I'm guessing (hoping) that others have experienced this phenomenon also and might be able to share some insights as to what is happening and, more importantly, how to make the problem and to have the simulation/game run smoothly.


Lloyd Rieber

Re: Strange Speeding Up in the Execution of a LiveCode Project

Postby [-hh] » Sat Sep 17, 2016 8:55 pm
Hi Lloyd,

you could try to cancel the current loop before starting a new one.
This should work on each platform and especially in the HTML5 standalone.

   on opencard  
     repeat 2 -- cancel current mainEventLoop  
       repeat for each line L in the pendingMessages  
         if L contains "mainEventLoop" then cancel item 1 of L  
       end repeat  
     end repeat  
   end opencard  

[Probably the Mac IDE holds, without the above cancelling, the additional mainEventLoops in a long row and absorbs them later on because the simulation needs more than the 50 millisecs of the loop's refresh.]


p.s. Great stack!

Re: Strange Speeding Up in the Execution of a LiveCode Project

Postby bn » Sun Sep 18, 2016 4:44 am
Hi Lloyd,

I agree with Hermann that the messaging seems to be the problem.

   on mainEventLoop  
     if varRun is true then  
     end if  
     send mainEventLoop to me in 50 milliseconds  
   end mainEventLoop  

here you send "mainEventLoop" regardless of what happens, whether you show a dialog and so on. That is not necessary and piles up messages.
I tried to fix this by

   on mainEventLoop  
     if varRun is true then  
      lock screen  
      unlock screen  
     end if  
     put the pendingMessages into tMessages  
     repeat for each line aLine in tMessages  
      if item 3 of aLine is "mainEventLoop" then cancel item 1 of aLine  
     end repeat  
     send "mainEventLoop" to me in 50 milliseconds  
   end mainEventLoop  

It effectively keeps the "mainEventloop" messages from piling up and it runs nicer in HTML5.

Note that I put a lock screen/unlock screen pair around checkGame and physicsEngine. You do a lot of screen updates in your handlers like graphics and fields. That is costly and can be avoided by locking the screen.

Furthermore your mainEventLoop does not have to run when the game is not actually running e.g. showing dialogs. I would move " send "mainEventLoop" to me in 50 milliseconds" inside the "if varRun is true" condition.
That needs a little more coding regarding varRun setting to true and false and when setting it to true to start the "mainEventLoop" again but saves a lot of processing cycles and then it does not interfere with the rest of the application.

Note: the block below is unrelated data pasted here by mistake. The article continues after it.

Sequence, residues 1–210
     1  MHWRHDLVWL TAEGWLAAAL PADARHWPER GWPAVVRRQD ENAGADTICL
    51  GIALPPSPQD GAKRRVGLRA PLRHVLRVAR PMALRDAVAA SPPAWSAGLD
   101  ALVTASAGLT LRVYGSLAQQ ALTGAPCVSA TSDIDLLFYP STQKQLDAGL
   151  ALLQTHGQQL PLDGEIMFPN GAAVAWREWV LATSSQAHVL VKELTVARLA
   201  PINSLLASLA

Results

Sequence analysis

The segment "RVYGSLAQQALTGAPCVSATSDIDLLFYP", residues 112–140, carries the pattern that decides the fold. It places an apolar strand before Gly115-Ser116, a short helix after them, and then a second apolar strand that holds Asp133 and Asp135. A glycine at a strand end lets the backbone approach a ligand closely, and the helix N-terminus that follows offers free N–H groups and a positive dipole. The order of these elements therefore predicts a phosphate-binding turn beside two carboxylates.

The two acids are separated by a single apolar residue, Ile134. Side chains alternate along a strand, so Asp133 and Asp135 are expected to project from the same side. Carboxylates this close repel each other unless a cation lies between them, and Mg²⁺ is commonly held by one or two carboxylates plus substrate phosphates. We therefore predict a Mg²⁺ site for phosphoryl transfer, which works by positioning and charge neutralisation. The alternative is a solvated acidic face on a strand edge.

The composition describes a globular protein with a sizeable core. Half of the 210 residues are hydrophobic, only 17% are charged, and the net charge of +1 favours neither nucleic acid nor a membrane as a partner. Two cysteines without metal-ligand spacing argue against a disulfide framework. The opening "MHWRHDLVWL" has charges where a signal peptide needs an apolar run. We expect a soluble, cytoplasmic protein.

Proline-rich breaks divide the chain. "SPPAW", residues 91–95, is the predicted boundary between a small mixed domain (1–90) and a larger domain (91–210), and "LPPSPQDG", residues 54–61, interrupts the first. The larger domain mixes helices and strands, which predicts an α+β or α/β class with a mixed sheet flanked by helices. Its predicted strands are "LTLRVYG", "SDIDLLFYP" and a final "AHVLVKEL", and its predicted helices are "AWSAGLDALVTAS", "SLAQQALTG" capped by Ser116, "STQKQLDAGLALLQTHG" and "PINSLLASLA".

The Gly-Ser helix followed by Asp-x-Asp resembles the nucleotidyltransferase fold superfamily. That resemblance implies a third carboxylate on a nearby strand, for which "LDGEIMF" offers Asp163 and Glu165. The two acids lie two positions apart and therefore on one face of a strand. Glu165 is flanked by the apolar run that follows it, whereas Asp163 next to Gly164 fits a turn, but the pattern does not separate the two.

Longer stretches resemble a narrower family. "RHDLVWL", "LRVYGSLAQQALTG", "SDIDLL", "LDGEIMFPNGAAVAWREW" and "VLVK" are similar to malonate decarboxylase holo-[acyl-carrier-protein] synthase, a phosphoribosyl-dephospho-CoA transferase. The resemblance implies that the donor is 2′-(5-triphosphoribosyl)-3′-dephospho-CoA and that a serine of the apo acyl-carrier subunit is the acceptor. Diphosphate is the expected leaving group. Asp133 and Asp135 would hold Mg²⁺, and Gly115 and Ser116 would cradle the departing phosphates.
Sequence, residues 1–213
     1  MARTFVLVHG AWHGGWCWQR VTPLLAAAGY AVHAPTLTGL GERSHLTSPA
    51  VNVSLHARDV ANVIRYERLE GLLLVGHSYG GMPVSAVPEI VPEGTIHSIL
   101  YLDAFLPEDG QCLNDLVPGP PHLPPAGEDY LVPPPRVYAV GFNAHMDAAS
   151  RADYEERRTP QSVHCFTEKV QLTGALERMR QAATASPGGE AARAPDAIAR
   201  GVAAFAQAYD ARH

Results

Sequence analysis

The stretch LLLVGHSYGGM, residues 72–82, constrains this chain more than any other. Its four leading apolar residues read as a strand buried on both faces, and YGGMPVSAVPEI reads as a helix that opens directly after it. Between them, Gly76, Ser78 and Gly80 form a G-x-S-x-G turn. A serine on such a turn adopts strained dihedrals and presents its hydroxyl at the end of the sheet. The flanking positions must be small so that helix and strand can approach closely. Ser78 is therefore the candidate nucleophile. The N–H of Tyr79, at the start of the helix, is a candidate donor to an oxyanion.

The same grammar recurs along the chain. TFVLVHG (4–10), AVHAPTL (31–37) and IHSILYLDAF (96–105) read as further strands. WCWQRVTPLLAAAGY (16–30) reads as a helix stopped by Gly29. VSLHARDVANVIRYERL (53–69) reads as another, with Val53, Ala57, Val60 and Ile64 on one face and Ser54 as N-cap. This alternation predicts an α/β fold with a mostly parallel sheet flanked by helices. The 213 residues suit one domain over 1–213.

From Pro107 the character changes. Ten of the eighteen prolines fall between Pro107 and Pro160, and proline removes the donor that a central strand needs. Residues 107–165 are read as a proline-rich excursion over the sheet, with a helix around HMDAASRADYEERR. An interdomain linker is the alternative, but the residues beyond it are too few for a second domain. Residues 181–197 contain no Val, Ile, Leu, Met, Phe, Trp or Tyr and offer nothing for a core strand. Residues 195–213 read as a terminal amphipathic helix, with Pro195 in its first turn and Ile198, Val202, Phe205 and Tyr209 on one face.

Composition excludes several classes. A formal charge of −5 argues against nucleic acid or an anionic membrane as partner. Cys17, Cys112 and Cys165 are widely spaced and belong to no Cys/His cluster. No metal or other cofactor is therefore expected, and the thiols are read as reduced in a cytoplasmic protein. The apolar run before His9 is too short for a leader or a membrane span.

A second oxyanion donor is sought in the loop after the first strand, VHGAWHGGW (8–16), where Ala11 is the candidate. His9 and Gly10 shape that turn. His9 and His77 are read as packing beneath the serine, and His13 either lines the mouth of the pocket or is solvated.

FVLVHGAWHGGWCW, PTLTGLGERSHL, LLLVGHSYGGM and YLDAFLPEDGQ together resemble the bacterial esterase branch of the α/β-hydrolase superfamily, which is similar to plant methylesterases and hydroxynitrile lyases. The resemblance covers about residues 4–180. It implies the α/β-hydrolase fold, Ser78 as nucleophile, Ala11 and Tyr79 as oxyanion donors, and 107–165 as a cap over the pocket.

My strategy to get some points was not to touch the arrowkeys at all. Then at least I did not have a negative score and at times I even hit a marble when it happened to be close enough to the middle line. :)

Kind regards

Sunday, September 11, 2016

Lloyd's Physics Simulation, Prototype 2: Thread the Needle Game

Zipped Standalone Download: Macintosh | Windows
Download files updated September 13, 2016
HTML5 Version

Over the past week or so, I returned to work on my little physics simulation that I built and wrote about a couple of months ago. This little prototype has constantly been on my mind and I've been playing it rather frequently since I wrote my original post about the prototype on July 4, 2016.

Recall in that post I wondered about a game element that could be added to it: "...I can imagine having targets placed within the area of the line graphs that you have to try to hit with one of the graph lines." Yes, the more I played the simulation, the more I liked this idea. So, I've spent about 6 hours working on the next prototype that includes this gaming feature. I call the game "thread the needle" because that is exactly what it reminds me of - the blue distance graph seems like a piece of thread that I'm trying to maneuver to pierce (thread) the target (eye of the needle). Here's a screen shot of the game:

A Quick Demonstration

Probably the best way to understand how the game works is with a short video demonstration:

Ok, let's explore the game a little further.

Goal and Rules of the Game

The goal of the game is, of course, to learn about the relationship between distance, velocity, and acceleration. But, we should probably keep that a secret because this fact might ruin the game for any elementary, middle, or high school student who plays it. But, as one adds game elements to a simulation that already appropriately models the physics, you have to be careful that the attractiveness of the game doesn't inadvertently detract from the learning of the physics. The physics can be considered the underlying model of the simulation. In a discovery-oriented learning environment, the goal is for the student to "discover" for themselves the rules of this model. If the simulation was sufficiently motivating to explore, no game would be necessary. But, alas, the simulation itself is rather boring for most people who are not already physics geeks. My ambition is to invent a game that turns people who play it into physics geeks. Yes, I dream big. So, let's keep this ambition in mind as I explain how the game works.